arms. I made multiple calls, asking for help. I had a bag packed for the ER and was thisclose to going.

My thought: I've never had to do that for his sister.

I think a lot of people believe that when they say they want a "healthy" baby, that automatically means one with 46 chromosomes only.

I used to think that.

The reality is that Playette is healthy and she has 47.

That's not to say that there can't be health complications with Trisomy 21. There are. It's well-documented.

But, every person is different. People with Ds are unique from one another, yet they tend to get painted with broad strokes. Everyone doesn't walk the same path.

I wish someone had told me that in our early days instead of just bombarding us with doom-and-gloom-filled worst case scenarios.

And there are never any guarantees in parenting.

Never.








Saturday, October 13, 2012

About Connections...



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So, by now you know that yesterday was the wedding. The flower girl and her entourage loaded up the Futuremobile (seriously, my new car has way too many buttons and I give up) and we spent a couple of days in a new city, eating and sleeping and enjoying the camaraderie of others in a different environment and for a very special occasion.


By the time we made it to the wedding site, Playette was totally hype, bouncing off the walls, and, I feared, on the verge of a meltdown. She was so excited that she wouldn't nap, no matter how much I begged. I was petrified that she'd show her fatigue right as the ceremony began.

But, no. She did great. I was so, so proud of her, but, of course, she was even more proud of herself. I think we'll be subjected to "playing wedding" for quite some time to come.


Sorry for the crappy crop job. I didn't ask permission to post anyone else on here, so I want to be respectful. Playette was super slippery and hard to catch in photos, regardless, so I don't have much to choose from. 


What's most important though is why we went.

It was necessary.

The bride used to watch Playette for us, back when we lived in VA and I was working outside of the home, trying to get more things done in a day than hours existed for. We were fortunate to have a young woman recommended to us by friends that were leaving the area, so we welcomed her into our home and the life of our little girl.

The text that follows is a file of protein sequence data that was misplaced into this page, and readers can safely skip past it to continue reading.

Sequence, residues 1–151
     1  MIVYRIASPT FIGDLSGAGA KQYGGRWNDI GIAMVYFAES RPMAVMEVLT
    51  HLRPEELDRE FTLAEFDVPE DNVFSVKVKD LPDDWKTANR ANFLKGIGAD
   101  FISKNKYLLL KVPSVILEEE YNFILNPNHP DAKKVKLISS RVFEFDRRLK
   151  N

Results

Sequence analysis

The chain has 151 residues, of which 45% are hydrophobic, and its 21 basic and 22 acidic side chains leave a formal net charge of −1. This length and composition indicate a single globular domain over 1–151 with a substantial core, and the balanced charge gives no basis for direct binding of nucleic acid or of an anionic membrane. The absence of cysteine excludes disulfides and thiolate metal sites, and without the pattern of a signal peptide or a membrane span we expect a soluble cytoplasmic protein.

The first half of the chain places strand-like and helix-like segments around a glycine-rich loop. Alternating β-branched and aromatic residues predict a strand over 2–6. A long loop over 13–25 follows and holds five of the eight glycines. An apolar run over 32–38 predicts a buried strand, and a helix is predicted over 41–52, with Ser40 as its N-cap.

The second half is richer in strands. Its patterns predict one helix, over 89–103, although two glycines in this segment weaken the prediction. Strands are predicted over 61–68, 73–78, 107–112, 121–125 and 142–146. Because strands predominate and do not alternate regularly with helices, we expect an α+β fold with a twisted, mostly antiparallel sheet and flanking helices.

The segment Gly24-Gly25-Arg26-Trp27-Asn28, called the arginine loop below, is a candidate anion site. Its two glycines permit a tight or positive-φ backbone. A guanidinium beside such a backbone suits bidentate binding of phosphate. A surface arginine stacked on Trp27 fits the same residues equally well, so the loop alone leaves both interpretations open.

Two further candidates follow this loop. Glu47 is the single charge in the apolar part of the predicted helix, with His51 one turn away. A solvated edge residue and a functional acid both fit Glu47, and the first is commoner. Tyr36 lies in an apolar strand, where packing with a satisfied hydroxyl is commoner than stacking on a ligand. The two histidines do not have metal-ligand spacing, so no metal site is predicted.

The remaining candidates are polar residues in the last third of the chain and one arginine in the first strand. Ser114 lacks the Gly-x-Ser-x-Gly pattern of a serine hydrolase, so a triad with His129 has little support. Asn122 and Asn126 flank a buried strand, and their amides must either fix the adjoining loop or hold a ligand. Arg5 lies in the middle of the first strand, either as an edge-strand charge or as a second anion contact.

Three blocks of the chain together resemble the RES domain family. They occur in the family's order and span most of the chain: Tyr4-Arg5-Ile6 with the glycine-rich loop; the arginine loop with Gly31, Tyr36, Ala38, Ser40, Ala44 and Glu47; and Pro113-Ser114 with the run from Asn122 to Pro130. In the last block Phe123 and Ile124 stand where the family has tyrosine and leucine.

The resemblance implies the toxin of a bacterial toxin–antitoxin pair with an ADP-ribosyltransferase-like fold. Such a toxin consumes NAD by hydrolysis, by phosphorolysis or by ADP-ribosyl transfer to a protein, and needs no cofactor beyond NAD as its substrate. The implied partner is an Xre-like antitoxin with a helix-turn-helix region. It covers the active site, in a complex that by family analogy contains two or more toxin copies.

She would pick her up from school and take her to therapy. They would go to the park or stay in the house to sing and play. She even let Playette practice her mad hairdressing skillz on her own locks.

And even after this young woman moved two hours away, she would still request to come and watch Playette whenever her schedule would allow such an undertaking.

This is someone who showed compassion, patience, kindness, and all the love a parent could ever hope to exist from a caretaker to their child.

So when she asked if Playette could participate in her wedding? I wanted - needed - to make that happen.

You want to know what I saw for the first time at the reception last night?

A brother-sister dance.

I've been to plenty of weddings.

I've seen the bride-groom dance.

I've seen the father-daughter dance.

I've seen the mother-son dance.

But this was my first brother-sister.

Which brings me back to something that actually relates to Ds Awareness.

The bride's brother happens to have Ds.

I have heard for the last five years how siblings of people with Ds tend to come away with more compassion, patience, kindness, and many other desirable traits.

I need to look no further to know this much is true.

There are plenty of people who are afraid that having a child with Ds will with make other children in the family suffer.

That's not what I saw last night. I saw a bond between two adults that I wish I could say existed between me and my own sibling.

And also? I couldn't help but wonder about the connection that people with Ds have with one another. Do they immediately notice the similar features and throw each other signs so secret that those of us that lack the extra chromosome miss it altogether?

Because one of the sweetest things I saw was that one particular groomsman dancing with the flower girl. He claimed her as his "daughter." He saw something in my girl that he connected with right away.

I left there feeling like I had witnessed some of what is best about this world.









Flower Girl Preview





Clicky-clicky if you'd like to see Playette all dolled up for 8 seconds.

More to come!










Friday, October 12, 2012

Before and After



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Yesterday. Picture day. Waiting for the bus and then, later, at pick-up.

I swear I didn't get mad.